I probably got so drunk I blacked out. Or more likely, nothing worth remembering happened. It would be two more years before I had my next drink, and this time I went for it. Once again, Grandma Charlotte played a role. It was my first prom. The pastor and his missus were conveniently out of town, whooping it up at some Christian convention. I was a freshman at Cook County High. Mid-way through my freshman year, we’d moved from cosmopolitan St. Paul to tiny, isolated Grand Marais, Minnesota, and I was furious about it. I kept to myself, read lots of Shakespeare, and generally behaved like a miserable teenager. I have no doubt that my new peers assumed I was a colossal bitch, but really I was just morbidly depressed. Colossal bitch or not, being new to a small town meant that I had inestimable cachet among the local boys. When prom season rolled around, there was a mad scramble over who would be my date. I heard that they even had fist fights in the locker room over this, in spite of my loud and public assertions that I would never attend any prom, dance or any event requiring “school spirit” whatsoever. I need to mention here that my high school was so small that all the classes—freshman through senior—were obliged to attend the prom. Otherwise only six people would have attended.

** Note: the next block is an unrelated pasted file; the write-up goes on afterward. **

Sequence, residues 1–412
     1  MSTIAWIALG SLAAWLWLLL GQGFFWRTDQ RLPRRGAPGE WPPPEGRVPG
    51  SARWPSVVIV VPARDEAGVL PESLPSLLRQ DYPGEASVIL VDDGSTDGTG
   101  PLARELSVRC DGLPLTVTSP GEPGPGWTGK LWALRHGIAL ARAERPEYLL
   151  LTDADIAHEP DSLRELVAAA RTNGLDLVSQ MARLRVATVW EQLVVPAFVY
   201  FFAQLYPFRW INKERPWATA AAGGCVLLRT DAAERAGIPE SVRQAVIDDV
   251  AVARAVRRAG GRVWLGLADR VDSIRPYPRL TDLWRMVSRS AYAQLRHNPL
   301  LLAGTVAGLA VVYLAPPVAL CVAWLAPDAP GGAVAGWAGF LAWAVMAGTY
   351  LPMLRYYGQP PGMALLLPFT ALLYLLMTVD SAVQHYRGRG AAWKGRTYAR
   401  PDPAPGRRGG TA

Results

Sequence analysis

I was planning a nice, misanthropic evening in, reading King Lear and scowling, when my classmate Jeff Swanson pulled a fast one on me. He threatened to kill himself if I wouldn’t be his date. Although I had something of a suicide fetish at the time, I couldn’t quite stomach having that kind of blood on my hands. After weeks of pressure from our mutual friend Dave Johnson, I assented.

Dave was one-of-a-kind. I think only a town as small as Grand Marais can mint a man who is at once the captain of the cheerleading squad, captain of the football team, class president, the only African American in town (he was adopted), and gay. (To us, this was normal—I wish it were it normal everywhere!)

When prom night arrived, Jeff Swanson picked me up in his small red pick-up. Grandma Charlotte took the requisite date-picking-up-daughter-for-prom picture, as Mom and Dad were, as mentioned, conveniently out of town. Jeff drove us the ten blocks to Dave’s house. Dave’s dad, the town sheriff, was also conveniently out of town.